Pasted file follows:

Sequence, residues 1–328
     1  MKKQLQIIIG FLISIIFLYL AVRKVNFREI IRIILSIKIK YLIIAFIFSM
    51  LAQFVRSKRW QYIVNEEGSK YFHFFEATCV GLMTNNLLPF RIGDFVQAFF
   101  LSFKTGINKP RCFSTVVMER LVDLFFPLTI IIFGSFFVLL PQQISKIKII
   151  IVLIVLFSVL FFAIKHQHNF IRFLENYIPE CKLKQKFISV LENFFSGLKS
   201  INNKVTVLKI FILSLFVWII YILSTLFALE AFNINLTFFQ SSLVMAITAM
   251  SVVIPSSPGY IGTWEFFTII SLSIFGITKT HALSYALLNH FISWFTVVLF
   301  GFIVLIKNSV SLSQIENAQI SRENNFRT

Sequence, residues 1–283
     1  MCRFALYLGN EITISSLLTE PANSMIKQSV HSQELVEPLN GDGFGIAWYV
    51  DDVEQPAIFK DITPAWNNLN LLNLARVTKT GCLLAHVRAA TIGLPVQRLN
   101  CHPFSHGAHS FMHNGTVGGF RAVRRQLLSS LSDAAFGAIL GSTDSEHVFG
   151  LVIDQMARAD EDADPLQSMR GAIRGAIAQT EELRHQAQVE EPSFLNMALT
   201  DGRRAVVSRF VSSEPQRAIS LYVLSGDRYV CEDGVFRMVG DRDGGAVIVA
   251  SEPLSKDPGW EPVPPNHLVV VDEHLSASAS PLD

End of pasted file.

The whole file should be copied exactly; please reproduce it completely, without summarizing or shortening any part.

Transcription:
Sequence, residues 1–328
     1  MKKQLQIIIG FLISIIFLYL AVRKVNFREI IRIILSIKIK YLIIAFIFSM
    51  LAQFVRSKRW QYIVNEEGSK YFHFFEATCV GLMTNNLLPF RIGDFVQAFF
   101  LSFKTGINKP RCFSTVVMER LVDLFFPLTI IIFGSFFVLL PQQISKIKII
   151  IVLIVLFSVL FFAIKHQHNF IRFLENYIPE CKLKQKFISV LENFFSGLKS
   201  INNKVTVLKI FILSLFVWII YILSTLFALE AFNINLTFFQ SSLVMAITAM
   251  SVVIPSSPGY IGTWEFFTII SLSIFGITKT HALSYALLNH FISWFTVVLF
   301  GFIVLIKNSV SLSQIENAQI SRENNFRT

Sequence, residues 1–283
     1  MCRFALYLGN EITISSLLTE PANSMIKQSV HSQELVEPLN GDGFGIAWYV
    51  DDVEQPAIFK DITPAWNNLN LLNLARVTKT GCLLAHVRAA TIGLPVQRLN
   101  CHPFSHGAHS FMHNGTVGGF RAVRRQLLSS LSDAAFGAIL GSTDSEHVFG
   151  LVIDQMARAD EDADPLQSMR GAIRGAIAQT EELRHQAQVE EPSFLNMALT
   201  DGRRAVVSRF VSSEPQRAIS LYVLSGDRYV CEDGVFRMVG DRDGGAVIVA
   251  SEPLSKDPGW EPVPPNHLVV VDEHLSASAS PLD